Advocates say that change will leave low-income earners about $16 richer annually compared with about $400 they would see from an hourly raise based on inflation. Molly McCracken with the Canadian Centre for Policy Alternatives hailed the changes to the seniors tax rebate, but said the tax changes for low-income earners are "really a drop in the bucket."

"It's very disappointing," she said. "With the cost of food going up, the cost of housing going up, people are going to be paying more on their very limited income."

The budget makes good on a few key promises made by the Conservatives in the runup to the April election, which saw the NDP swept from office after 17 years. The government plans to start reducing ambulance fees by allocating an extra $22 million for emergency response and transport services.

"Manitobans should never be forced to choose between paying high ambulance fees and receiving the emergency medical attention they need," said Friesen, who promised to cut the fees in half over four years.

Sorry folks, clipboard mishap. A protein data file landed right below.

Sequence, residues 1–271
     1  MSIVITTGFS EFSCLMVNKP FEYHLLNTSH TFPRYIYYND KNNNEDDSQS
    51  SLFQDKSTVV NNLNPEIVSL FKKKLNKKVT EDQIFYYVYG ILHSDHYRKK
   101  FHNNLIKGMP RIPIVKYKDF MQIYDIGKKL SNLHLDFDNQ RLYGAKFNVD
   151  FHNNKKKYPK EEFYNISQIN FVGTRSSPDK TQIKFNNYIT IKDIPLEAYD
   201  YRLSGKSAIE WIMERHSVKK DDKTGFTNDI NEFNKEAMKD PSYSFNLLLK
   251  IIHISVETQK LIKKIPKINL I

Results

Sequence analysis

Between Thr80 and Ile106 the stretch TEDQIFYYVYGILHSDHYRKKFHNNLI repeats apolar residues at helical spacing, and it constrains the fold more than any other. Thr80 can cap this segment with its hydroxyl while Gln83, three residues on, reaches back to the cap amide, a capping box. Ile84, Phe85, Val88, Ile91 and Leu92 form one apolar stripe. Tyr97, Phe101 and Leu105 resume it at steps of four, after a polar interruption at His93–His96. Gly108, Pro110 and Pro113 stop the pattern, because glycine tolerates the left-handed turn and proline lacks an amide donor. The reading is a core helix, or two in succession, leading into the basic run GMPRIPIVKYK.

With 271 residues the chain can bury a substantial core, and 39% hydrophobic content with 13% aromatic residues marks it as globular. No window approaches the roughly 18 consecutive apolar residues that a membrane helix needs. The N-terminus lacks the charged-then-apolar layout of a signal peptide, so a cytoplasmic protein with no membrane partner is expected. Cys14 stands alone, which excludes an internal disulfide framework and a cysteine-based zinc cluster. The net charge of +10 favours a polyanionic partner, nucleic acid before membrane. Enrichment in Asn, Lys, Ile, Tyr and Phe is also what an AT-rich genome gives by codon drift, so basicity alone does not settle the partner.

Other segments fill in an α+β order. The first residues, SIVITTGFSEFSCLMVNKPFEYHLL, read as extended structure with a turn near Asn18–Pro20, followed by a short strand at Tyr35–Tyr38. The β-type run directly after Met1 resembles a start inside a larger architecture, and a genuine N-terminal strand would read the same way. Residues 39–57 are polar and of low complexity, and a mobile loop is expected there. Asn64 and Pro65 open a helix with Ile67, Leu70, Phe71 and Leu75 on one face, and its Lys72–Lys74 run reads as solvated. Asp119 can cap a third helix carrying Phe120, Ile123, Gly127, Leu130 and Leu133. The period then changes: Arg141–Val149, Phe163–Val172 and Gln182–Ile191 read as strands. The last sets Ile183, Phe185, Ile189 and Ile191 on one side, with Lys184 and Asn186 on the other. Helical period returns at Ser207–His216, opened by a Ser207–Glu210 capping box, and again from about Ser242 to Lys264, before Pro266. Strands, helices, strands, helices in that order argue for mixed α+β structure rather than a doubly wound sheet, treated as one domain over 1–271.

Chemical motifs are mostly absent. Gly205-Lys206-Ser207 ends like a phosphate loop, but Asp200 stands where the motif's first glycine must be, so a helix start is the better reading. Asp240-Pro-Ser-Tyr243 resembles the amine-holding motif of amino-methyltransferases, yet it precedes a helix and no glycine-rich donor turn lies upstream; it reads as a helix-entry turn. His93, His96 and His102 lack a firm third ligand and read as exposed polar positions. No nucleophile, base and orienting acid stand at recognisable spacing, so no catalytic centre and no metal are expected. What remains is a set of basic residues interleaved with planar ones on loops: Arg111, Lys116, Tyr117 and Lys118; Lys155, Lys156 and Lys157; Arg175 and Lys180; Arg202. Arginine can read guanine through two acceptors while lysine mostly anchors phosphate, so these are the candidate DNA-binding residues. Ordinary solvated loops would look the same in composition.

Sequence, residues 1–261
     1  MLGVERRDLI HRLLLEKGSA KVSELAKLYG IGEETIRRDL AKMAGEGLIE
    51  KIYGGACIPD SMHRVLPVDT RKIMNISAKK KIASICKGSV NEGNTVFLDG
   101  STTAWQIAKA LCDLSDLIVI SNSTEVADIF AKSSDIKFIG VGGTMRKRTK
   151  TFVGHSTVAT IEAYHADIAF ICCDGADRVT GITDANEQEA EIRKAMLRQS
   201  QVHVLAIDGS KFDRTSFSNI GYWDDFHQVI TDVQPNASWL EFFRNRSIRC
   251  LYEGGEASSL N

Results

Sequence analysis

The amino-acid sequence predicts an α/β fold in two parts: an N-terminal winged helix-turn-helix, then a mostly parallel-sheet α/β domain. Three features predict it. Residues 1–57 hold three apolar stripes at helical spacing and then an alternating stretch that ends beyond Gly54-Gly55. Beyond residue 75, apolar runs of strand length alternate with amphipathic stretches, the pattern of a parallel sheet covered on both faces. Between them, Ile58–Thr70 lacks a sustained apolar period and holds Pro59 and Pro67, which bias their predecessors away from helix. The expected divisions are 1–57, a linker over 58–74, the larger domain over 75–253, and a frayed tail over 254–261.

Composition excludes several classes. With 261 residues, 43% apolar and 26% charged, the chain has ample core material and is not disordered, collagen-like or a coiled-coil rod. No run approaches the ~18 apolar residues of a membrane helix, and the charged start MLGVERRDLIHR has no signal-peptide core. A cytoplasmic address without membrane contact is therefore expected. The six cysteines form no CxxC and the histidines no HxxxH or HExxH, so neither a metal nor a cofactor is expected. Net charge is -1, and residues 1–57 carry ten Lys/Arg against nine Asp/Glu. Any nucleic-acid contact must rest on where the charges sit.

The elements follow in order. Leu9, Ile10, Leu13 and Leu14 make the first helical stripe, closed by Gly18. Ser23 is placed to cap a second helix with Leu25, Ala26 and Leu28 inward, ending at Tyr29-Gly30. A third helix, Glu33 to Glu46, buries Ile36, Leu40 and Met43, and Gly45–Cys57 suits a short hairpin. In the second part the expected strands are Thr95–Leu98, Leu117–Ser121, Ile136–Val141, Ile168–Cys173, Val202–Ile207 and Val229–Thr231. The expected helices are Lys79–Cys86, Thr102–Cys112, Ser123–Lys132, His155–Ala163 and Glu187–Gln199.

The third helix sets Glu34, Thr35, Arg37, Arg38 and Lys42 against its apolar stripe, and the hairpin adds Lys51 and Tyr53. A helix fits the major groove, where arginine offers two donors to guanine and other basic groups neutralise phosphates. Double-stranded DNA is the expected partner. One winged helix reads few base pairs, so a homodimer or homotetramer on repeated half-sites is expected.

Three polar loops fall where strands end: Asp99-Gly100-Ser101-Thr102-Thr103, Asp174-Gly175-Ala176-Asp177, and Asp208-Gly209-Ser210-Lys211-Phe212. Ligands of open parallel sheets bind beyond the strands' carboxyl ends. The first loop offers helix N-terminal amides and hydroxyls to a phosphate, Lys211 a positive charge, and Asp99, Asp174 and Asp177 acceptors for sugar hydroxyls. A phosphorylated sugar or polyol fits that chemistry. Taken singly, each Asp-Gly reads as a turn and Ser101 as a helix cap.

The government is also killing the per-vote subsidy worth about $600,000 a year for political parties. The Tories never collected their share but it will hurt opposition party coffers.

The PCs made tax-cutting a cornerstone of their election campaign and the budget contains no new taxes or tax increases.

The Conservatives, who had refused to say when they would balance the books, are now predicting it will take at least eight years to bring the province back into the black. The goal is practical given people don't want to see service cuts as the province lowers taxes, Pallister said.

"We want to make sure we strike the right balance."

This year's budget includes modest funding increases for most departments, but boosts the Department of Families by 10 per cent, or almost $200 million. That includes about a 4.5 per cent increase for Child and Family Services, which is struggling with a record number of children in care.

Interim NDP Leader Flor Marcelino said she is concerned the budget didn't address affordable housing and a shortage of child-care spaces.

"We're concerned with what's not in there," she said.

Still, others see the changes to tax brackets as a good first step.

"They're showing that they care about taxpayers," said Todd McKay of the Canadian Taxpayers Federation. "On the down side, we're not seeing enough spending control yet ... You just cannot balance a budget without trimming spending."